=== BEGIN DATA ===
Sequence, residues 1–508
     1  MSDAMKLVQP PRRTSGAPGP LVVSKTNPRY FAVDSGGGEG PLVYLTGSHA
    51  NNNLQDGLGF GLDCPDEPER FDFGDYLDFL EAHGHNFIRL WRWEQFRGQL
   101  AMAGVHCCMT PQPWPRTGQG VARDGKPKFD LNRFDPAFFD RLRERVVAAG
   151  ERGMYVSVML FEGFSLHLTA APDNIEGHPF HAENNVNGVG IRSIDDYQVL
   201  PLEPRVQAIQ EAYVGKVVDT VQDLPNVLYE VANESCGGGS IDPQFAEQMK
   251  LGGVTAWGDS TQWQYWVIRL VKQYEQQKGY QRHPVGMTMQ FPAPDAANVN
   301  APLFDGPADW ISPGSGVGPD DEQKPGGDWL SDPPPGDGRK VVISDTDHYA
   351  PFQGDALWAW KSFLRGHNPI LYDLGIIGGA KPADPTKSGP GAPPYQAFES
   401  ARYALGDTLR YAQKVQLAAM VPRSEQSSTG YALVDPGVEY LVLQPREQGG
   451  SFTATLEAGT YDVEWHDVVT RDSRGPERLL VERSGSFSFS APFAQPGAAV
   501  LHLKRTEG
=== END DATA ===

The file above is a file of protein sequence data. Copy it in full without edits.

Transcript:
Sequence, residues 1–508
     1  MSDAMKLVQP PRRTSGAPGP LVVSKTNPRY FAVDSGGGEG PLVYLTGSHA
    51  NNNLQDGLGF GLDCPDEPER FDFGDYLDFL EAHGHNFIRL WRWEQFRGQL
   101  AMAGVHCCMT PQPWPRTGQG VARDGKPKFD LNRFDPAFFD RLRERVVAAG
   151  ERGMYVSVML FEGFSLHLTA APDNIEGHPF HAENNVNGVG IRSIDDYQVL
   201  PLEPRVQAIQ EAYVGKVVDT VQDLPNVLYE VANESCGGGS IDPQFAEQMK
   251  LGGVTAWGDS TQWQYWVIRL VKQYEQQKGY QRHPVGMTMQ FPAPDAANVN
   301  APLFDGPADW ISPGSGVGPD DEQKPGGDWL SDPPPGDGRK VVISDTDHYA
   351  PFQGDALWAW KSFLRGHNPI LYDLGIIGGA KPADPTKSGP GAPPYQAFES
   401  ARYALGDTLR YAQKVQLAAM VPRSEQSSTG YALVDPGVEY LVLQPREQGG
   451  SFTATLEAGT YDVEWHDVVT RDSRGPERLL VERSGSFSFS APFAQPGAAV
   501  LHLKRTEG